Versus plans to televise an NHL doubleheader Thursday. First up is Washington, with reigning player of the year Alexander Ovechkin, against Boston at 4 p.m. PDT. Next is San Jose and Colorado at 7, featuring a retirement ceremony for Colorado’s Joe Sakic.
But an estimated 18 million DirecTV subscribers won’t be able to watch unless the contract dispute that caused the satellite provider to pull Versus off its menu Sept. 1 is resolved. Besides the NHL, the network televises college football, Indy Racing League auto racing, cycling and bull riding.
DirecTV spokesman Robert Mercer said negotiations are ongoing. “We’re open to putting the games up for our customers while we continue to negotiate,” he said. “The puck is at their end of the rink.”
Jamie Davis, president of Versus, said that isn’t the case.
“They’re the ones who pulled our signal off the air on Sept. 1,” Davis said. “We were having fruitful negotiations. They were the ones who put up a slate background and insulted our programming and clouded the issues by saying it’s all about price.
“We are still negotiating but they are still unwilling to budge off of insisting on re-tiering our network and taking it away from 6 million subscribers.”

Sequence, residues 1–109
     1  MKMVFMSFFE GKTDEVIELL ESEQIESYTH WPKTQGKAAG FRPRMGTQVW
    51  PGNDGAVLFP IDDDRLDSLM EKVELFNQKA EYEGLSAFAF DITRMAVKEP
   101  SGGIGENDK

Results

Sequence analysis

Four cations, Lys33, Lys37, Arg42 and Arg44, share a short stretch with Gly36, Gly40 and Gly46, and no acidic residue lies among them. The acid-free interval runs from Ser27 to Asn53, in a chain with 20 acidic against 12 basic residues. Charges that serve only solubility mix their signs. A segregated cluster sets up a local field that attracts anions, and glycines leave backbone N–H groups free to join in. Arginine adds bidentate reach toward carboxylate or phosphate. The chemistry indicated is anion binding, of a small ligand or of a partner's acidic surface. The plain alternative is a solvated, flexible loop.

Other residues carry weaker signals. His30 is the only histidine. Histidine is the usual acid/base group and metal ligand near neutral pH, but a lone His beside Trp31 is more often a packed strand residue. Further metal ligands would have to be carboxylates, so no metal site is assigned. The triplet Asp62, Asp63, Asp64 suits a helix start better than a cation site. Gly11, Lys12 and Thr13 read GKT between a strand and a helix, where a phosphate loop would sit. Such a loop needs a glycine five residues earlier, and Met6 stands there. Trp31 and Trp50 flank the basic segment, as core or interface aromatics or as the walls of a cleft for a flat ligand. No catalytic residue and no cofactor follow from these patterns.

Three sources with knowledge of the negotiations, who are unable to speak for attribution because of the sensitive nature of the talks, said that Comcast, which owns Versus, wants to increase the cost per subscriber from about 21 cents to about 26 cents.
Davis said this dispute isn’t mainly about money, though.
“DirecTV wants to put us on a tier that reaches fewer subscribers,” Davis said.
Mercer said cost is an issue.
“A lot of fans understand why we’re doing it. We want to hold down programming costs. Also, understand that Versus is owned by Comcast, our largest competitor.”
Since Sept. 1, DirecTV subscribers have missed a couple of college football upsets, Sept. 19 when Florida State beat Brigham Young, and last week when Arizona won at Oregon State.
Duane Lindberg, the Pacific 10 associate commissioner for electronic services, said he understood that a large number of DirecTV customers in Arizona were unhappy. The conference is in the third year of a five-year deal with Versus.
“We are getting feedback, no question,” he said. “From our standpoint we want as much distribution as possible.”
On the NHL website is an open letter: “As a DirecTV subscriber we encourage you to tell DirecTV that you want Versus back so that you don’t miss any NHL games this season.”
During a Washington Capitals team event last weekend, NHL Commissioner Gary Bettman said to those in attendance, “Call DirecTV and tell them you’re not happy.”
Davis said that as long as DirecTV continues to be “un-budged from their position,” there may be no quick fix.
“I’m afraid it could be some time,” Davis said.